Aging is characterized by a gradual loss of function occurring at the molecular, cellular, tissue and organismal levels. At the chromatin level, aging associates with progressive accumulation of epigenetic errors that eventually lead to aberrant gene regulation, stem cell exhaustion, senescence, and deregulated cell/tissue homeostasis. Nuclear reprogramming to pluripotency can revert both the age and the identity of any cell to that of an embryonic cell. Recent evidence shows that transient reprogramming can ameliorate age-associated hallmarks and extend lifespan in progeroid mice. However, it is unknown how this form of rejuvenation would apply to naturally aged human cells. Here we show that transient expression of nuclear reprogramming factors, mediated by expression of mRNAs, promotes a rapid and broad amelioration of cellular aging, including resetting of epigenetic clock, reduction of the inflammatory profile in chondrocytes, and restoration of youthful regenerative response to aged, human muscle stem cells, in each case without abolishing cellular identity.

We have previously talked about how researchers have already worked out how to hit the reset button on aging cells. In a nutshell, cells can be reset to a more youthful state by exposure to four reprogramming factors, Oct4, Sox2, Klf4, and c-Myc (OSKM). These are often called the Yamanaka factors, after Dr. Shinya Yamanaka, who discovered them back in 2006 [1].

This has been demonstrated in living animals in late 2016 by Ocampo et al. at the Salk Institute, who used partial cellular reprogramming to reset the epigenetic alterations of mice [2]. However, their experiment had certain issues that left some unanswered questions.

It used mouse models of accelerated aging known as progeric mice, and while they experience aging-like symptoms and have considerably shorter lifespans, these mice do not exactly simulate the natural complexity of regular aging. Therefore, we cannot solely rely on progeric mice to determine the effectiveness of a therapy that targets aging, as they do not provide conclusive proof that such a therapy would work in normally aging mice or humans.

There was also no direct evidence that rejuvenation of cells can be achieved in naturally aged human cells taken from elderly people, nor was there a deep analysis of aging biomarkers to ascertain how complete this rejuvenation is.

This is why, in a new study, Dr. Jay Sarkar, Dr. Thomas A. Rando, Professor Vittorio Sebastiano, and other researchers have used a partial cellular reprogramming approach to reset old human cells back to a youthful state, which represents a big step towards developing these therapies for potential translation to humans [3].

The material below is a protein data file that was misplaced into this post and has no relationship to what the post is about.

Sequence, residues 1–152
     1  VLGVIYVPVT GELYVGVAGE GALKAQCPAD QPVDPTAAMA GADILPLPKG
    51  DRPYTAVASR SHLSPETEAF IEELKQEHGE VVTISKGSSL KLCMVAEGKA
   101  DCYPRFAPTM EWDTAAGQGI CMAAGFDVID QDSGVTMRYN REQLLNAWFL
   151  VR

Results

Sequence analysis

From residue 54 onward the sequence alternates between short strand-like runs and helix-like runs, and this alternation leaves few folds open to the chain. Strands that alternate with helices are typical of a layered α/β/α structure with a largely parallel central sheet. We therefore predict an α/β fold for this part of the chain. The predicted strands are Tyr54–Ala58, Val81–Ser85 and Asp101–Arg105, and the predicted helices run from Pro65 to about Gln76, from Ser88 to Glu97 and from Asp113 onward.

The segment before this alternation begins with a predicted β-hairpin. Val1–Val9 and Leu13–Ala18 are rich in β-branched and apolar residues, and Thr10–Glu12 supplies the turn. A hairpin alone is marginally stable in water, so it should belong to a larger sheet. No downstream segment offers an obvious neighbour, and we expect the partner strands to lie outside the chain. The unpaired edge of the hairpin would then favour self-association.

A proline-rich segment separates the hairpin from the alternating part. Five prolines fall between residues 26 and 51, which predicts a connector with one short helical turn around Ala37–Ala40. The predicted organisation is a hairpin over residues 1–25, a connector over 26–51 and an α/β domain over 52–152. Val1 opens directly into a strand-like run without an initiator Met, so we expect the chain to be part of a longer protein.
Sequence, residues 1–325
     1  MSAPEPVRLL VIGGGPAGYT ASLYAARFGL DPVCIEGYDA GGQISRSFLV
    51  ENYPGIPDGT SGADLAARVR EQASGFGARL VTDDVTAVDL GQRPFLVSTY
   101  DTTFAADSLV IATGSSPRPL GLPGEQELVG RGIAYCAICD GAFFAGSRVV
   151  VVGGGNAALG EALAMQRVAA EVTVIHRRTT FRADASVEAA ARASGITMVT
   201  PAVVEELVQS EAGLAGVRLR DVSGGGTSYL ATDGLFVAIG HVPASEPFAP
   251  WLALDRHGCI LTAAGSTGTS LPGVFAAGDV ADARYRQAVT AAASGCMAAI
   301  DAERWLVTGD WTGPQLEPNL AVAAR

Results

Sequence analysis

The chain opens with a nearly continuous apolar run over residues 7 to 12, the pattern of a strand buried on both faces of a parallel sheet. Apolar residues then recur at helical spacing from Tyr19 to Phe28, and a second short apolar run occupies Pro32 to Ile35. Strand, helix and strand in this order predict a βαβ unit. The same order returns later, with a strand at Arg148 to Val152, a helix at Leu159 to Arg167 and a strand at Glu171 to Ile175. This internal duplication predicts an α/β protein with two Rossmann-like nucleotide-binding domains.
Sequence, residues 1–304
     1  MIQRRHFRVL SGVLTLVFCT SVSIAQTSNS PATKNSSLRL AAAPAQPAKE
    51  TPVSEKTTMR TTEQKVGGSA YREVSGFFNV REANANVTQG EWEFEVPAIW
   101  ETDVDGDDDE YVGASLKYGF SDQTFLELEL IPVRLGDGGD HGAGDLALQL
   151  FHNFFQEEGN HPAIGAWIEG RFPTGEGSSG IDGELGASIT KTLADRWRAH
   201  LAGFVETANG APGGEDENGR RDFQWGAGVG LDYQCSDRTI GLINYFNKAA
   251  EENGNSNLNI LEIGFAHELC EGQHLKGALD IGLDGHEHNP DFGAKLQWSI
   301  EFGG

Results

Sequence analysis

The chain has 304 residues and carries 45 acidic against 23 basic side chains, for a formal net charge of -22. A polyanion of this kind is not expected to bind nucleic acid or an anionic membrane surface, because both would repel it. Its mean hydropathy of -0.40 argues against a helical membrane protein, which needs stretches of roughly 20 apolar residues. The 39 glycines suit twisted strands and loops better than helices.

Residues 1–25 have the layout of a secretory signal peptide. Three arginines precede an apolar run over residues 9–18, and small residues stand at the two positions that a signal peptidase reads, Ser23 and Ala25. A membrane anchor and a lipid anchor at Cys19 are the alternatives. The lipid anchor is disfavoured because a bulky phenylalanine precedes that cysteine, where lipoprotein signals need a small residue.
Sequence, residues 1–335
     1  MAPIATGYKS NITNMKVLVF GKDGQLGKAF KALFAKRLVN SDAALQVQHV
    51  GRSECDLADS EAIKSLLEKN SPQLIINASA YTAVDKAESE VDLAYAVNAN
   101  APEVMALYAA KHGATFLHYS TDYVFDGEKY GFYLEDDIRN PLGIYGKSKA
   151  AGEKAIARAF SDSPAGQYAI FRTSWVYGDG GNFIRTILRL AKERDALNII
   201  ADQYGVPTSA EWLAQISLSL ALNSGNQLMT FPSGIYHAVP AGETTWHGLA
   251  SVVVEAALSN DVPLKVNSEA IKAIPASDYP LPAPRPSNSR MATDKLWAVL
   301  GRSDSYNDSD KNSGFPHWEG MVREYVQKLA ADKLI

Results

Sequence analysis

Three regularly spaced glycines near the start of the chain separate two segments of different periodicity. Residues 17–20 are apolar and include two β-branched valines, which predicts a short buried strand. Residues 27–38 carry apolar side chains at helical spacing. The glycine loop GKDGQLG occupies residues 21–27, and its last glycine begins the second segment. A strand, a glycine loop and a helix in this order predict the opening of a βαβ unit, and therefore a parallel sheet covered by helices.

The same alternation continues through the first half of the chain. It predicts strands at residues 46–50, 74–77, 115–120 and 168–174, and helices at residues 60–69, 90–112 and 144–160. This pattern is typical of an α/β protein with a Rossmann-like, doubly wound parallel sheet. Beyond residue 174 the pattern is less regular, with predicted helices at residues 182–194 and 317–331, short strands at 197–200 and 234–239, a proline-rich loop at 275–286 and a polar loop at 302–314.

The researchers designed a platform that would allow them to test if partial cellular reprogramming does in fact reverse aging in both human and mouse cells, across multiple cell types, and also how it affects all the hallmarks of aging, the nine reasons why we age.

Exposing cells to the Yamanaka factors for too long not only resets the age of the cell but also reverts it back to an earlier development stage similar to an embryonic stem cell, a state in which the cell can become any other cell in the body. This is useful when you need to create batches of specific patient-matched cells for transplant, but it’s not good in situ when a heart cell forgets what kind of cell it is!

Fortunately, it appears that we might both have our cake and eat it by separating the resetting of cellular aging from the resetting of cell identity.

The researchers used the four Yamanaka factors (OSKM) but also added their own twist by including two more factors, LIN28 and Nanog, to make OSKMLN. Professor Vittorio Sebastiano explained in an interview with Lifespan.io last year why they include these two extra factors in their reprogramming process.

We have seen that this particular combination is particularly potent and effective at promoting cellular rejuvenation. LIN28 is also linked to the down-regulation of Let-7, which is an mRNA, that promotes differentiation.

My belief is that we’re actually not only working on the epigenetic level but potentially also working on the post-transcriptional level, for example by making sure that the levels of Let-7 get down-regulated to the expression of LIN28, and this actually has an additional effect on the rejuvenation process.

The researchers demonstrated that exposing cells to a low dose of OSKMLN for a small amount of time allowed the cells to retain their identity but return to a youthful state, as measured in several ways.

This is possible because the factors appear to operate in two distinct phases. Initially, the factors stimulate the epigenome to erase the epigenetic markers of cellular aging, and only later do they stimulate it to erase cellular identity. The key boils down to how long the cells are exposed to the reprogramming factors, and a short exposure is enough to reset the age of a cell without it losing its identity.

The team extracted cartilage cells from elderly patients suffering from osteoarthritis and found that after a low dosage of the factors, the cells ceased to secrete a number of inflammatory signals that facilitate progression of this disease.

They also found that human muscle stem cells, which are blocked from working due to sarcopenia, an age-related condition that is characterized by loss of muscle mass, were restored to youthful function.

Fortunately, it appears that we might both have our cake and eat it by separating the resetting of cellular aging from the resetting of cell identity.

The researchers used the four Yamanaka factors (OSKM) but also added their own twist by including two more factors, LIN28 and Nanog, to make OSKMLN. Professor Vittorio Sebastiano explained in an interview with Lifespan.io last year why they include these two extra factors in their reprogramming process.